Existential psychotherapist and blogger Emma Wilkinson recently very kindly asked me to be part of her ‘people of integrity’ project. She’s interviewing people whose work she regards as having integrity and I was deeply flattered to be thought of that way!
I’ve included her first couple of questions – and my answers – below, and you can read the rest if you follow the ‘read more’ at the end to her blog. You might also be interested in the other interview she’s conducted so far with Prof. Emmy Van Deurzen, foremost existential psychotherapist in Europe.
Briefly tell me your story (who are you? Where do you come from? Where are you going?)
I’m Meg-John Barker (MJ for short). I grew up in Bradford in the 1970s and 80s. I studied psychology at university, did a PhD in that area, and stumbled into working as a lecturer. But my passion for exploring and writing about people’s relationships with themselves and others didn’t really develop until I was around 30. It’s been a gradual process of allowing myself – more and more – to study what really fascinates me, drawing on the ideas and approaches that make most sense to me, and writing in the ways that I feel I’m best at and find most fulfilling.
In the last few years I’ve been writing more about more self-help style books – and other materials – for general audiences rather than for academics. I see myself going increasingly in that direction, weaving together my therapeutic work with my writing, and producing the kind of creative and critical self-help that I think would be useful for people. I’m particularly excited about projects involving comics and animations, for example, or mashing up self-help with other genres such as ghost stories, or memoir.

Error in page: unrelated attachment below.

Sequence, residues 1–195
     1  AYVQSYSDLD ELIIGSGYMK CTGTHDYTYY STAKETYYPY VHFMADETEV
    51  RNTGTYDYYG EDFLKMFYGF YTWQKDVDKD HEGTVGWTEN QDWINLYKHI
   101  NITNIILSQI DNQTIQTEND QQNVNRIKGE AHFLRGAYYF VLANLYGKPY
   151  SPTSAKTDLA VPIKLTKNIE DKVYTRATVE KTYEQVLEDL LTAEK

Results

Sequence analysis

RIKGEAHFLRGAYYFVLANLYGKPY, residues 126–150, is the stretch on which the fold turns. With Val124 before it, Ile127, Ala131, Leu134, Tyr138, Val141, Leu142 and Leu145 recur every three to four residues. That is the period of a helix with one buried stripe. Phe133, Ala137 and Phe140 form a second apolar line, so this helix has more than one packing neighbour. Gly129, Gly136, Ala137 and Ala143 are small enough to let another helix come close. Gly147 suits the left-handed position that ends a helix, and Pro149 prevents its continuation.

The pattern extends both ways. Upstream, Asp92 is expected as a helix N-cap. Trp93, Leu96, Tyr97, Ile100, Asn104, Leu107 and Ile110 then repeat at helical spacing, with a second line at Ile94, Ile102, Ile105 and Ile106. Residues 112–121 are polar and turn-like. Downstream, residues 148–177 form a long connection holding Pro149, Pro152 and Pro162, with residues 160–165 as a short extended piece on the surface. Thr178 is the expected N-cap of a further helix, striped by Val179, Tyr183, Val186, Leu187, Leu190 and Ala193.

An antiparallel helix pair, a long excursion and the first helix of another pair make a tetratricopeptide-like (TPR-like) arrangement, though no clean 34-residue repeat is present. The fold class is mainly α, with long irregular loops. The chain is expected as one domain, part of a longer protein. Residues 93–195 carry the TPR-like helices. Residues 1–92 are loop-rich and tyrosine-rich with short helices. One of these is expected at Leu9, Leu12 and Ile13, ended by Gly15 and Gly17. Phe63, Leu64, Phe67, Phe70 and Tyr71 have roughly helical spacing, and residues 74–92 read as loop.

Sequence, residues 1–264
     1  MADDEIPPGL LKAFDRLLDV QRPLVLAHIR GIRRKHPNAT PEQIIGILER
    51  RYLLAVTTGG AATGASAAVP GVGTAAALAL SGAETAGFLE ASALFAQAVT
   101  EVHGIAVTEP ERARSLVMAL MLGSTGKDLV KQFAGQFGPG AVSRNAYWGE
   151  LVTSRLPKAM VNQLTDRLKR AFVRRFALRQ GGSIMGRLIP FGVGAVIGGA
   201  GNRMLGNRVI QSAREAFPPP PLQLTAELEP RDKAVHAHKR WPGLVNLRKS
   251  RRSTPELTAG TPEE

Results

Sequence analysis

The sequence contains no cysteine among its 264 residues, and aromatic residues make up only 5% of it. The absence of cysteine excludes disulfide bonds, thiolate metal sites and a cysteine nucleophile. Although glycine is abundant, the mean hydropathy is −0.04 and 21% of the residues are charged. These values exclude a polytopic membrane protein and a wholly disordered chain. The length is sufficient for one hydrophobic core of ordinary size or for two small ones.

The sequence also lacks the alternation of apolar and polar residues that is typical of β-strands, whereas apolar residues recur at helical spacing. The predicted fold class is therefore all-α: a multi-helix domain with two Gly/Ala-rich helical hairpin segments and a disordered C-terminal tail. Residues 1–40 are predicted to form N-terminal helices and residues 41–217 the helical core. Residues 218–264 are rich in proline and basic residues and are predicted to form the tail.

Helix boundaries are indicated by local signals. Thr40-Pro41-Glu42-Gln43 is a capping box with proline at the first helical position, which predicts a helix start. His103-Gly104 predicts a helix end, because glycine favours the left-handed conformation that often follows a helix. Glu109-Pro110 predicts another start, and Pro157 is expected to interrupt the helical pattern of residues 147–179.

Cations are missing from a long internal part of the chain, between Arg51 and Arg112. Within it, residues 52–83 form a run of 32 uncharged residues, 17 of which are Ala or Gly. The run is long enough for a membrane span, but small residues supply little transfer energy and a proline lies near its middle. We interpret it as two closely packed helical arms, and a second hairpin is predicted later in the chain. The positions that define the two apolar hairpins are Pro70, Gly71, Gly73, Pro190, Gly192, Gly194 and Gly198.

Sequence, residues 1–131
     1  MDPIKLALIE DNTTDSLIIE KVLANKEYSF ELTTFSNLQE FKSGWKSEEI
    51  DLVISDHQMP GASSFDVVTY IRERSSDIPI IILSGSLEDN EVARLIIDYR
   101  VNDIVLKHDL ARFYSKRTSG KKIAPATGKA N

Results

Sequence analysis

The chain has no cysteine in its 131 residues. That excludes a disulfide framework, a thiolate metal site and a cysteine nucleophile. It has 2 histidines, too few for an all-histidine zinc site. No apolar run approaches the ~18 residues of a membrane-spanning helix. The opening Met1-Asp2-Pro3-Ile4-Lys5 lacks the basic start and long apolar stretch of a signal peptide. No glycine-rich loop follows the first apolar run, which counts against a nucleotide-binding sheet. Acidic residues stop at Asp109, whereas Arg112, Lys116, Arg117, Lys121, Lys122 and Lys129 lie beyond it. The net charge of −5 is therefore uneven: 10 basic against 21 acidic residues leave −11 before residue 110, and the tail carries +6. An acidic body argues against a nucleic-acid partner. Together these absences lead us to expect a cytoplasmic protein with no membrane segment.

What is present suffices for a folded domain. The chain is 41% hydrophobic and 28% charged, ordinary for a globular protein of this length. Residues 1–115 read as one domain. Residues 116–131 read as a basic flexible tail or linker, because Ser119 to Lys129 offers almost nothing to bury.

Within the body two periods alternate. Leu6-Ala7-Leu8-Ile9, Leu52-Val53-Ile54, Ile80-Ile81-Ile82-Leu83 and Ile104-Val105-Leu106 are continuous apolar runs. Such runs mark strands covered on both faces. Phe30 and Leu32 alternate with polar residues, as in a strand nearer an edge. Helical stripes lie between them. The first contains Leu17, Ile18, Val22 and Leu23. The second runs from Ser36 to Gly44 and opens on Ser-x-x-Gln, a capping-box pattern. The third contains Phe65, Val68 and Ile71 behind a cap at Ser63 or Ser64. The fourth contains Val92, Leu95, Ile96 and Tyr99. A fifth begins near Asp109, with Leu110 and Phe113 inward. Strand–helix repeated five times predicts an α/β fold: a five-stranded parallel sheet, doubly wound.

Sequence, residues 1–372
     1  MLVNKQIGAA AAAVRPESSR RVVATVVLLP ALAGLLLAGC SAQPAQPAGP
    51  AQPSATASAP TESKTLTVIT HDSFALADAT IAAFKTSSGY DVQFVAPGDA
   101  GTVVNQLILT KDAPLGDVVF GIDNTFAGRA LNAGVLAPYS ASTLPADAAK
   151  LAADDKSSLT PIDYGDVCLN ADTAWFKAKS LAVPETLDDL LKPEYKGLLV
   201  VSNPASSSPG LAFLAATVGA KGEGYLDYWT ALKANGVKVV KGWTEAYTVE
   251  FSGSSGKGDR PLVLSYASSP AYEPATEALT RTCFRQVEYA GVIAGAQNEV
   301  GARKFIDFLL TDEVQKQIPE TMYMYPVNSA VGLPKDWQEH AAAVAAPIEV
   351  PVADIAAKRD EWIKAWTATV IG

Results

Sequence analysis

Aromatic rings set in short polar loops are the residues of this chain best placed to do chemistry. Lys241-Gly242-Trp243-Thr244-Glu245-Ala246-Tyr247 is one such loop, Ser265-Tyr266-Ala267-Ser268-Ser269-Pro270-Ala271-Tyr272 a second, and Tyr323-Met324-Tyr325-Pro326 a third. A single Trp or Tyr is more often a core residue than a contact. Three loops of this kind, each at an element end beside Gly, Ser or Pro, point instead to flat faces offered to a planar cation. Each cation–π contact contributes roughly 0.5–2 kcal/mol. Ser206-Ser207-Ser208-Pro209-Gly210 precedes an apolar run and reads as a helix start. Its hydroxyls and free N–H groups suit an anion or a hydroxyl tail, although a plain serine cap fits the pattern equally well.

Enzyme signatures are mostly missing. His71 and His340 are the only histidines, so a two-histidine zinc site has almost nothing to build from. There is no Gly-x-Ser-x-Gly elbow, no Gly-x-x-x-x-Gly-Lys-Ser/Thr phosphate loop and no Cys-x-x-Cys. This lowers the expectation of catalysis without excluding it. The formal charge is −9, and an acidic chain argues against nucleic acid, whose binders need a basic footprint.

What do you see as your true purpose in life?
I see my purpose as being somebody who brings together and synthesises a lot of information and ideas about the topics that I’m passionate about, and then finds ways of putting that across which will be accessible and engaging for folks. It’s all about connection for me: connecting with the people who I learn from through reading, conversations with colleagues, and my therapy work; and connecting with the people I’m talking to through my writing, workshops, mentoring and counselling.
Another important element for me is that my work locates individual experiences in wider culture, and encourages people to engage critically with the messages around them, rather than getting caught in a spiral of blaming themselves – as individuals – for their struggles.
How did you discover this purpose? Read more…